There's a lot of buzz around Apple's (NASDAQ:AAPL) new iPhone, and it is anticipating that the enthusiasm translates into sales. The company's own reports and data from research firm Gartner, suggests that Apple has failed to move the needle so far this year, as sales to end users have remained flat in the first half of 2017.

This has allowed Chinese powerhouse Huawei to cut Apple's lead in the smartphone space. In fact, the 17% year-over-year jump in Huawei's smartphone sales during the second quarter of 2017 has increased its global market share to 9.8%. Meanwhile, Apple's flat sales performance diminished its worldwide market share from 12.9% to 12.1% at the end of the second quarter.

But the situation could get worse for Apple, according to Counterpoint Research's latest findings. The research firm claims that Huawei sold more smartphones than Apple in June and July, and was on track for another beat in August.

Hands using a smartphone with a blank screen

Image source: Getty Images.

Many analysts expect that Apple's new iPhone line-up will help swing some momentum in its favor. But the rising popularity of Huawei in the global markets and its stronghold over the crucial Chinese smartphone industry should give Apple CEO, Tim Cook, some sleepless nights.

Huawei is targeting global growth

Huawei's focus on improving product quality has allowed it to make inroads into global markets such as Europe. In fact, the Chinese smartphone giant sold more smartphones than Apple in Central and Eastern Europe last year, while it is among the key drivers of smartphone demand in Western Europe as well.

By offering budget smartphones online the company has built a name for itself in Europe, Africa, and Latin America. Now Huawei wants to make a dent in markets where it hasn't been a significant player before.

Recently Huawei rolled out 17 service centers in India, looking to build upon its 1.5% market share in the country. Additionally, the company is building an offline retail sales channel in India, to target growing smartphone penetration in Tier 2 and Tier 3 cities. In the long-run, this could be a good move by Huawei, as smartphone demand in India's smaller cities is growing at a greater pace than in large metropolitan areas.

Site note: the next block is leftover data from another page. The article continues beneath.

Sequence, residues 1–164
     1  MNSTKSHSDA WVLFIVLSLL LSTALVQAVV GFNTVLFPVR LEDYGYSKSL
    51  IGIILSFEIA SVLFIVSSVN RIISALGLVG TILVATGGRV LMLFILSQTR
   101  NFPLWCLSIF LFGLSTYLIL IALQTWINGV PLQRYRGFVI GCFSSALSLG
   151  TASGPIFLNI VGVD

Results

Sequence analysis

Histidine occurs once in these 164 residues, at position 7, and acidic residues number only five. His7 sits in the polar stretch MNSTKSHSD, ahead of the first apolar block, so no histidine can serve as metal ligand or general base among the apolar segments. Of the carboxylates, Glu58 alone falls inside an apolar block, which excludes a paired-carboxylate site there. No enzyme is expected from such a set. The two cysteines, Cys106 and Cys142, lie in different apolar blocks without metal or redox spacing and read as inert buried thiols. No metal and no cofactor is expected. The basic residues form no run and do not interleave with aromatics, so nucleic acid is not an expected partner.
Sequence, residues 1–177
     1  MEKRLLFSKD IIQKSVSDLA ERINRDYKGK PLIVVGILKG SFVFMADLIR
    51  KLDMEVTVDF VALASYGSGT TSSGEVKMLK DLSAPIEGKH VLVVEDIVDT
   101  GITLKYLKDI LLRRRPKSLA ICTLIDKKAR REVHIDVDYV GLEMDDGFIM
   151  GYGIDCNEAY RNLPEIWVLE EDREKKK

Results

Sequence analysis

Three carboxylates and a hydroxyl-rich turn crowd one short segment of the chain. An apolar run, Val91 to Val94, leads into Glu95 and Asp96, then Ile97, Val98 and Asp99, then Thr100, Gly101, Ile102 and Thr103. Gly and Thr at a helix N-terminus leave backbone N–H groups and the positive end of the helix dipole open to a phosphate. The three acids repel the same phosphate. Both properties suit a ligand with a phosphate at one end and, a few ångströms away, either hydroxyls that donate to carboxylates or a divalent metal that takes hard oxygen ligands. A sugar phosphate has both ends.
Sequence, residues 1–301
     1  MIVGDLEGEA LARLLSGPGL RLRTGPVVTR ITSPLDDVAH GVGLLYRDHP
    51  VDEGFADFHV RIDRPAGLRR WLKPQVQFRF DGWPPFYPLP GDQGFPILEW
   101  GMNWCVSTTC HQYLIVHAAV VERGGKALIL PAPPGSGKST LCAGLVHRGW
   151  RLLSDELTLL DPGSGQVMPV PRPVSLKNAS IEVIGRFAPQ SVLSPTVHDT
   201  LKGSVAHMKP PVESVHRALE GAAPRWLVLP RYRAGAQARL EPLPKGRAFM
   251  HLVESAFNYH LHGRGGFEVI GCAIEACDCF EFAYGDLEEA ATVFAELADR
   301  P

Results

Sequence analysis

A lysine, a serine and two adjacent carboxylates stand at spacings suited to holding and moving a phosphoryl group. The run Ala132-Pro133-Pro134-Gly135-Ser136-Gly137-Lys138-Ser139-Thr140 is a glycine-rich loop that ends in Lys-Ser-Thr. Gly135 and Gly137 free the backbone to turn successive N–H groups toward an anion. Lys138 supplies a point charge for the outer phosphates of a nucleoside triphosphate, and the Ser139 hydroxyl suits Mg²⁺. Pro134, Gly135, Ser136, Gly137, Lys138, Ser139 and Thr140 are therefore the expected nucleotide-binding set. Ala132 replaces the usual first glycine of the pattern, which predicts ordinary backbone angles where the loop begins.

India could be an important stepping stone to Huawei's global success; a Euromonitor International report forecasts that smartphone sales in India could hit 231 million in 2021, up from 102 million last year. Huawei's focus on doubling its sales in India this year, through offline sales and its budget Honor brand, is in comparison to Apple's efforts in the country. It has struggled to crack the Indian smartphone space, missing its sales target by a wide margin in the last fiscal year.

Huawei is now looking to hit Apple where it hurts the most -- premium smartphones. The company's high-end Mate 9 smartphone, introduced in November last year, clocked five million units in sales during the first four months of launch. Sales of the new device outpaced its predecessor's by a massive 36%.

The company took another big step earlier this year by launching the Mate 9 in the U.S. The smartphone comes loaded with features such as a dual-lens camera setup, fast charging, and Amazon's Alexa voice assistant. Huawei will take things a step further when it launches its new flagship products -- the Mate 10 and the Mate 10 Pro -- next month.

The new devices could help Huawei make inroads into the U.S. market; the company has reportedly teamed up with AT&T as a carrier partner. AT&T was said to be testing Huawei's smartphones earlier this year for network compatibility, which makes it likely that the company's phones will be competing with iPhones in Apple's home market soon.

Technological advances will make Huawei's phones attractive

Huawei needs to deliver cutting-edge features to make an impact in developed smartphone markets such as the U.S. The company has already delivered to some extent on this front, as the features on the Mate 9 indicate.

Huawei will reportedly equip the upcoming Mate 10 phone with artificial intelligence (AI). The company's Kirin 970 smartphone processor will come embedded with a proprietary technology called the Neural Processing Unit (NPU), which can learn a user's habits in order to make suggestions and launch applications. Huawei claims that this will boost the performance of its next flagship while increasing the battery life by 50%.

The Foolish takeaway

Apple and Huawei are engaged in a close fight for the second place in the smartphone industry. The Chinese company currently enjoys the upper hand; its smartphone sales are growing at an impressive pace, while Apple's sales have stalled lately. But Apple's new releases could change all this.

The bottom-line is that Huawei's product development shouldn't be discounted: It can make a strong comeback with its next flagship, haunt Apple in the premium smartphone market, and gain more share.

Harsh Chauhan has no position in any of the stocks mentioned. The Motley Fool owns shares of and recommends Amazon, Apple, and Gartner. The Motley Fool has a disclosure policy.